Rescued wood from urban trees in Washington and Dodge counties is supporting Habitat for Humanity by way of trim and cabinetry in project homes and through proceeds from the sale of lumber at the charity’s area ReStores.

“The use of rescued wood reduces the dependence on fossil fuel for transportation of lumber, decreases the number of infected trees dumped into landfills, and provides the local community with a sustainable and affordable source of lumber,” according to Habitat for Humanity of Wisconsin.

Rescued wood is wood reclaimed from damaged or diseased trees that have to be removed from neighborhood and public properties. In places like West Bend, trees damaged by emerald ash borers have been recycled into useable lumber. Habitat of Wisconsin was given the Wisconsin Urban Forestry Council’s Project Partnership award for its efforts to recycle all part of the trees.

In 2015, the Wisconsin Department of Natural Resources also awarded a grant to Habitat to operate a sawmill in Kewaskum, where approximately 13,000 board feet of milled lumber has been processed with volunteer labor.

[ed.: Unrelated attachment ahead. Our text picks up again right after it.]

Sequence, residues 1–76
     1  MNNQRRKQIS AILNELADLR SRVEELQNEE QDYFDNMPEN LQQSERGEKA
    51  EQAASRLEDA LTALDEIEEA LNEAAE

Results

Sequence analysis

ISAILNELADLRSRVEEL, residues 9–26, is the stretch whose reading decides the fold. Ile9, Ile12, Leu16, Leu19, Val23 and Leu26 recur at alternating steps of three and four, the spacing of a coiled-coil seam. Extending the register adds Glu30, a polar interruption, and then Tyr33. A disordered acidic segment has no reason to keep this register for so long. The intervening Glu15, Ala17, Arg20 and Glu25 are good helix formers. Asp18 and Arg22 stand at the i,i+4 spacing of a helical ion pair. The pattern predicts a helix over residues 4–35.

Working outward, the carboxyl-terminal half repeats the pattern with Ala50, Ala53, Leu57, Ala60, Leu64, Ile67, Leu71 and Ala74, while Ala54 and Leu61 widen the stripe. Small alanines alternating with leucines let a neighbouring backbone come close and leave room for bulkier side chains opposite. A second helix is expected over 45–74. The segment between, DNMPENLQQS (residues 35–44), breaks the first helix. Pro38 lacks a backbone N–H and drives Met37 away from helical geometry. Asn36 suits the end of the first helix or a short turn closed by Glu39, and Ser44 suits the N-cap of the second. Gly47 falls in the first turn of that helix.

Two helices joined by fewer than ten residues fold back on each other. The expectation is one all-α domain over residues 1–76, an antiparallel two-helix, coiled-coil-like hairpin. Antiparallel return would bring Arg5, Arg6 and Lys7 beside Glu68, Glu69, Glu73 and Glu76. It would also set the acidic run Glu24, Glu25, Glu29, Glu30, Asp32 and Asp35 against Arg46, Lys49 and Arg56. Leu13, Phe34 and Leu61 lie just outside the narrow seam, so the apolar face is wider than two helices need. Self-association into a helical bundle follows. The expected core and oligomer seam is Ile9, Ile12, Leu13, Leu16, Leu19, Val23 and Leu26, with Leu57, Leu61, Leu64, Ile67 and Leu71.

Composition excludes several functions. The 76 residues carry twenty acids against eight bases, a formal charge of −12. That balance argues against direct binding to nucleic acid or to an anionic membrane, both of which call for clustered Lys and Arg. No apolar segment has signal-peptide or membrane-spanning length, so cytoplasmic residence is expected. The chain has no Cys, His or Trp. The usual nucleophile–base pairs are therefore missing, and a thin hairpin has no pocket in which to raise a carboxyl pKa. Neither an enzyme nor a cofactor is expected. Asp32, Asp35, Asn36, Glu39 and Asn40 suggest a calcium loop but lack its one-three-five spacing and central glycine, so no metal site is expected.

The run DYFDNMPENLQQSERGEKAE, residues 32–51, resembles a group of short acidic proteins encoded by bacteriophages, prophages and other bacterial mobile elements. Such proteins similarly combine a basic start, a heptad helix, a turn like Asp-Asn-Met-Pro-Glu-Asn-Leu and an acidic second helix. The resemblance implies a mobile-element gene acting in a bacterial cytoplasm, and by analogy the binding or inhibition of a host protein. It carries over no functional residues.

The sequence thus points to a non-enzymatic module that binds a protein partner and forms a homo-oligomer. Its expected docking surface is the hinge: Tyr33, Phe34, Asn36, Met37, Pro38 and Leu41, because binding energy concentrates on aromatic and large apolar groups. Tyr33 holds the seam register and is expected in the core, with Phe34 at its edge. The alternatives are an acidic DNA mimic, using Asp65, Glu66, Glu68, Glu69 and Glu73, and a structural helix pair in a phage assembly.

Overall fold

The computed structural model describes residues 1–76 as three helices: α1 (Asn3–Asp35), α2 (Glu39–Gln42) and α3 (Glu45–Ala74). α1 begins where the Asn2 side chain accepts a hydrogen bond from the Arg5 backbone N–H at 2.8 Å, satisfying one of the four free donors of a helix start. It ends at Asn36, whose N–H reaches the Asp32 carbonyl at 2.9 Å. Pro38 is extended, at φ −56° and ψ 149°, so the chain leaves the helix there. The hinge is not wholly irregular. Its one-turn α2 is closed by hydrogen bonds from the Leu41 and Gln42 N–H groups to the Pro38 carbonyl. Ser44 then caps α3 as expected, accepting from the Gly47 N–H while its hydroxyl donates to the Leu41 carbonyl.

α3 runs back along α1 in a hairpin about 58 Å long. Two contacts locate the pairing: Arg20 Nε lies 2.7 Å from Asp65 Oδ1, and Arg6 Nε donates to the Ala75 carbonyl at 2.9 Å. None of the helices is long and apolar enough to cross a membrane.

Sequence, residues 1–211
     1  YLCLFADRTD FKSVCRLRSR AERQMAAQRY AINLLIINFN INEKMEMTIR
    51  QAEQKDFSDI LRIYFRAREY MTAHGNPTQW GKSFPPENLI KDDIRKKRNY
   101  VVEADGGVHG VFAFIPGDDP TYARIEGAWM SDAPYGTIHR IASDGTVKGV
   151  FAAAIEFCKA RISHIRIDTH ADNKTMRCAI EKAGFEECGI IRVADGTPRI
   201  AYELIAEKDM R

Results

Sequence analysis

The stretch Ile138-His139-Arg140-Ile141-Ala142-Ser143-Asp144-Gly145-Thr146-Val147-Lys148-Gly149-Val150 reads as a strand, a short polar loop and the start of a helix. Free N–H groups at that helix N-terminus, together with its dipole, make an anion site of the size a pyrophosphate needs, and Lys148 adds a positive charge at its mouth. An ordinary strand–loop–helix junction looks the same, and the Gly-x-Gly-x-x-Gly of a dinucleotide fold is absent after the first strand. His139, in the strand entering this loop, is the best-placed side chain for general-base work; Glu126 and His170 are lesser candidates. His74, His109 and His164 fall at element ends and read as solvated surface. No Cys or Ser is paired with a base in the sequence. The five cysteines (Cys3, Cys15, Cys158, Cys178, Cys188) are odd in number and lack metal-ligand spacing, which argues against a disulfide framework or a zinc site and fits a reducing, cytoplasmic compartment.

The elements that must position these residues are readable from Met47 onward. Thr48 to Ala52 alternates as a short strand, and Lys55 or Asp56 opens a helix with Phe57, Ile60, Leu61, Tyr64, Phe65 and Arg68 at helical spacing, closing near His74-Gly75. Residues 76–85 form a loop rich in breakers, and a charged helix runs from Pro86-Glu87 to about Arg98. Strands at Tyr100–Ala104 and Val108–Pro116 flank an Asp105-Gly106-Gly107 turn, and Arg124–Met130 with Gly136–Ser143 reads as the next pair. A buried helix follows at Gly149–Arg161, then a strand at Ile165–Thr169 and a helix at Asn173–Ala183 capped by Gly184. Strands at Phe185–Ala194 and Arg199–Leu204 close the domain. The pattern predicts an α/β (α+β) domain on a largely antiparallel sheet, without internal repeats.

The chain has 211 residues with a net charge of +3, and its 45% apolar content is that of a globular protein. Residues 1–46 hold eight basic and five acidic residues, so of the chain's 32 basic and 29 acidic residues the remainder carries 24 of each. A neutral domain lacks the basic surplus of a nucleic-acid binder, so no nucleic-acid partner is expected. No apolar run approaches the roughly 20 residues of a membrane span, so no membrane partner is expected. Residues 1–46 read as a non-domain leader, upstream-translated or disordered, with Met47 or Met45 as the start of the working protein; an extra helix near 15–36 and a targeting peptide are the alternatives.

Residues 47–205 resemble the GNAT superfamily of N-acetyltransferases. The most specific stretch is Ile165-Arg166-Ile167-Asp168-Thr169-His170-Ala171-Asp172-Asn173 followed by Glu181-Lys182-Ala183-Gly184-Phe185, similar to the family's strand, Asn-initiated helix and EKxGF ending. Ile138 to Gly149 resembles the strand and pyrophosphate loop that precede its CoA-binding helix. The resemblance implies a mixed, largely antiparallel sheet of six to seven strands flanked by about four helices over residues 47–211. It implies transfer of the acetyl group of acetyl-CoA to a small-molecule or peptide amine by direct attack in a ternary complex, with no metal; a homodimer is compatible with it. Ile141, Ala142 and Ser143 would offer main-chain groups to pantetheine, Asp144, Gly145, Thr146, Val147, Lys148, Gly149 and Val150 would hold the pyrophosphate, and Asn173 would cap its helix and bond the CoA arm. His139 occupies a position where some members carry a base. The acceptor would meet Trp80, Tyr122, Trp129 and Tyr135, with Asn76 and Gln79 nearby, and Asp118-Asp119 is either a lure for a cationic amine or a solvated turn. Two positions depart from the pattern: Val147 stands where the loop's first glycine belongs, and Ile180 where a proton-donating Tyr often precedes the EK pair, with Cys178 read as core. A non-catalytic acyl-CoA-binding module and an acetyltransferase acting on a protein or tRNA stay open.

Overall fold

First cuts from the logs become firewood, second cuts are sold as non-milled lumber, and third cuts are milled into boards. All are kiln dried, as required by the Wisconsin Department of Agriculture, Trade and Consumer Protection for transport out of EAB quarantine counties. Habitat said most of the trees processed have been white ash, but boards are also coming from red oak, maple and locust.

Rescued wood is for sale at ReStores in Dodge, Washington, Sheboygan and Fond du Lac counties.

Habitat for Humanity is a non-profit volunteer organization that helps provide safe, affordable an decent housing to people worldwide. For more information about Wisconsin projects, go to ​